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Eldorado Real Estate Analysis

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Eldorado at Santa Fe  

El Dorado At Santa Fe

Eldorado at Santa Fe is a census-designated place (CDP) in Santa Fe County, New Mexico.  It is part of the Santa Fe, New Mexico Metropolitan Statistical Area. The population was 6,130 at the 2010 census.

This upper middle class community is locally known as Eldorado (occasionally, El Dorado). Eldorado’s attractive physical setting, large areas of protected open space, protective covenants, excellent elementary school, and convenience to Santa Fe, have made it a popular place to live in the Santa Fe area.

Eldorado Pre-History

Archaic Indians lived and hunted in the Eldorado area; archaeologists and others have found Clovis points, but little detailed information is available about these earliest settlers.

Around 600 AD, Ancestral Pueblo (Anasazi) settlers established farms and small pueblos in the area. These settlements endured until about 1325 AD, when a disastrous drought forced abandonment of what became the Eldorado area. Some inhabitants probably moved to the Galisteo, New Mexico area, which itself was abandoned about 1450, as were all of the nearby pueblos except Pecos.

Formal archaeological investigations began about 1914 when Nels C. Nelson of the American Museum of Natural History partially excavated Pueblo Alamo near the present-day junction of I-25 with US-285. Unfortunately, Pueblo Alamo was almost completely destroyed by the construction of I-25 around 1971, although some salvage archaeology was done.

Another, smaller pueblo, Chamisa Locita or Pueblo Walls (site LA-4) remains largely undisturbed on undeveloped private land, but it has no formal protection.

Eldorado History

Eldorado at Santa Fe

Santa Fe County, NM, Incorporated and Unicorporated Areas Eldorado at Santa Fee Highlighted

Eldorado lies entirely within the Canada de los Alamos Grant, a Spanish land grant which dates back to 1785. In 1883, the entire grant was sold for US$2,000. As recorded in 1894, and patented by the US government, the size of the grant was about 12,068 acres (49 km2).

In 1901, the Onderdonk Land & Cattle company bought both the Canada de los Alamos Grant and the adjacent Bishop John Lamy Grant for $10,000. The Lamy Grant was about 16,546 acres (67 km2) when patented by the USA in 1874.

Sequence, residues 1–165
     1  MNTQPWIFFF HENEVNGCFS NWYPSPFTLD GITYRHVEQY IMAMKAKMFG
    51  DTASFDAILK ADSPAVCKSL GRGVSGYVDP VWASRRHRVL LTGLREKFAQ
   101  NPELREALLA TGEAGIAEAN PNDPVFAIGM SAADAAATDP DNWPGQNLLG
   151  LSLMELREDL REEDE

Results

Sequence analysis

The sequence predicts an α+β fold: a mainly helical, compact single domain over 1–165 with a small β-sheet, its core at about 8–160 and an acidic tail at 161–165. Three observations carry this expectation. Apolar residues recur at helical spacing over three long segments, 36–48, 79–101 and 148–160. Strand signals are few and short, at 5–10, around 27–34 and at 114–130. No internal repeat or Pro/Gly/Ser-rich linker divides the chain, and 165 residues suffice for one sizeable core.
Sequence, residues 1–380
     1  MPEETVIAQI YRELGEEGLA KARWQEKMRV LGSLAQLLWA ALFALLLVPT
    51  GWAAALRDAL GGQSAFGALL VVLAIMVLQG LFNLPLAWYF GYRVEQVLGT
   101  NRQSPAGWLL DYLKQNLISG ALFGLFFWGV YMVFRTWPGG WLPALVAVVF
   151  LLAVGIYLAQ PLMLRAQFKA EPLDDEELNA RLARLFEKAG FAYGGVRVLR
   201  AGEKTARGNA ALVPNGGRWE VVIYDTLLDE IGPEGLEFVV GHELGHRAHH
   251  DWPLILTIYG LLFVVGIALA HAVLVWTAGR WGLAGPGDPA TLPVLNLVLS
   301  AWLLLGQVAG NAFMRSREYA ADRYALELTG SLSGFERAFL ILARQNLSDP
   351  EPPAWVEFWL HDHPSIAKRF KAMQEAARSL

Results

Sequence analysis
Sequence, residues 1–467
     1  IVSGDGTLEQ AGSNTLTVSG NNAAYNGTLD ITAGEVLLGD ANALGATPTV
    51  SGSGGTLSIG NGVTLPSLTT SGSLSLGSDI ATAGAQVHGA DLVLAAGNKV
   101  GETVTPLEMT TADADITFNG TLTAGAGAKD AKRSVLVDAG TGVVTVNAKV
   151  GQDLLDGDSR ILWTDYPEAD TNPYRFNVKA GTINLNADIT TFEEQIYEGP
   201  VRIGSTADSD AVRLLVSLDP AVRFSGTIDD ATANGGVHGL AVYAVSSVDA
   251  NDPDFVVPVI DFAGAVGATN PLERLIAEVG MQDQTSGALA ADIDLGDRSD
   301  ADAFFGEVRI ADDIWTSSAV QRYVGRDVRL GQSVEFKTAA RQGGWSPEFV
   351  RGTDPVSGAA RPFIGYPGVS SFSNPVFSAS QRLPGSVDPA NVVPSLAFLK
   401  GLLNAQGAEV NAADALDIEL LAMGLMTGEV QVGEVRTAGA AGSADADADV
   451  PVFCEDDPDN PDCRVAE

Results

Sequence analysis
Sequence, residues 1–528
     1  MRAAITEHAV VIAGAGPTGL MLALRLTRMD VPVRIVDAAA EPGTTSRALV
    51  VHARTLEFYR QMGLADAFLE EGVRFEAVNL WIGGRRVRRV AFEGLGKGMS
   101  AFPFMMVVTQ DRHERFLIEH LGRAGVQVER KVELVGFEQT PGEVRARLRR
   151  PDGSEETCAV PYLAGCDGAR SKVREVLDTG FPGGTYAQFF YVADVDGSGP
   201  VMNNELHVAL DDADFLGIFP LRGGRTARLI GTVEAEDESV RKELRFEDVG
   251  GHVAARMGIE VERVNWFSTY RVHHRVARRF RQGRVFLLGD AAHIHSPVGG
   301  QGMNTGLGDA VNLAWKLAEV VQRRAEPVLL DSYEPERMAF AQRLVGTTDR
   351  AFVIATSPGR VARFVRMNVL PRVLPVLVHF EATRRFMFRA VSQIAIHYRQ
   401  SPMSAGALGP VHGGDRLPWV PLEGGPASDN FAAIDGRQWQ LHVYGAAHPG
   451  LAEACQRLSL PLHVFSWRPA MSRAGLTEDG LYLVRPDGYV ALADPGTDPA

The Onderdonk Ranch operated both grants as a cattle ranch into the 1950s. The ranch was sold to the Simpson family in 1956, who continued to operate the ranch until 1969, when the Simpsons sold out to the American Realty and Petroleum Corporation (AMREP) for $3.2 million, or about $118.50/acre.

AMREP proceeded to develop about 6,000 acres (24 km2) of their 27,000-acre (109 km2) purchase as Eldorado at Santa Fe, selling the first lots in 1972. For the first ten years, development was slow—only about 200 houses were built. After 1983, when AMREP won a lawsuit over water rights, the pace of development quickened. Many passive solar houses were built, and Eldorado remains the largest solar community in the USA.

AMREP platted about 2700 lots in the original Eldorado subdivisions. As of 2007, the original Eldorado subdivisions are essentially built-out, with only a few vacant lots on the market. There are large areas of vacant private land adjacent.

There are an additional 20 or so newer subdivisions along U.S. Route 285, locally called the 285 Corridor, between Eldorado at Santa Fe and Lamy. Most of these offer larger lots and more expensive houses than Eldorado. Most are served by the Eldorado community water utility. Informally, the adjacent subdivisions, such as Belicia, Dos Griegos and The Ridges, are also called “Eldorado”, but they have different covenants and no formal ties to the original AMREP subdivision.

Attractions

The Santa Fe Southern Railway passes through the center of Eldorado, and excursion train rides are offered to Santa Fe. There have been proposals to offer a commuter train service.


View Eldorado in Santafe in a larger map

Eldorado, Santa Fe School Data

Santa Fe School Districts

Pojoaque Valley Public Schools
PK-12
Santa Fe Public Schools
PK-12
Juvenile Justice
6-12
Nm Corrections
7-12
Nm School For Arts
9-12
The Master Program
10-12
San Ildefonso Day School
K-6
Te Tsu Geh Oweenge Day School
K-6
Santa Fe Indian School
7-12
New Mexico Connections Academy
4-12

Santa Fe Schools

Pablo Roybal Elementary School
PK-3, public
Pojoaque High School
9-12, public
Pojoaque Middle School
7-8, public
Pojoaque Intermediate School
4-5, public
SSPS/NMSD
n/a, public
Acequia Madre Elementary School
K-6, public
http://acequiamadre.sfps.info/
Agua Fria Elementary School
PK-8, public
http://ecra.sfps.info/
Alvord Elementary School
K-6, public
Atalaya Elementary School
K-6, public
http://atalaya.sfps.info/
Carlos Gilbert Elementary School
K-6, public
http://carlosgilbert.sfps.info/
Chaparral Elementary School
K-6, public
http://chaparral.sfps.info/
De Vargas Middle School
7-8, public
E.J. Martinez Elementary School
K-6, public
http://ejmartinez.sfps.info/
Francis X. Nava Elementary School
K-6, public
http://nava.sfps.info/
Gonzales Elementary School
K-8, public
http://gonzales.sfps.info/
Kaune Elementary School
K-6, public
Kearny Elementary School
K-6, public
http://kearny.sfps.info/
Larragoite Elementary School
K-6, public
Salazar Elementary School
K-6, public
http://salazar.sfps.info/
Santa Fe High School
9-12, public
http://www.sfps.info/index.aspx?nid=1179
Wood-Gormley Elementary School
K-6, public
http://woodgormley.sfps.info/
Alameda Magnet School
7-8, public
Edward Ortiz Middle School
6-8, public
http://ortiz.sfps.info/
Calvin Capshaw Middle School
7-8, public
Pinon Elementary School
K-6, public
http://pinon.sfps.info/

Posted on December 14, 2013 at 8:33 am by Emily Medvec

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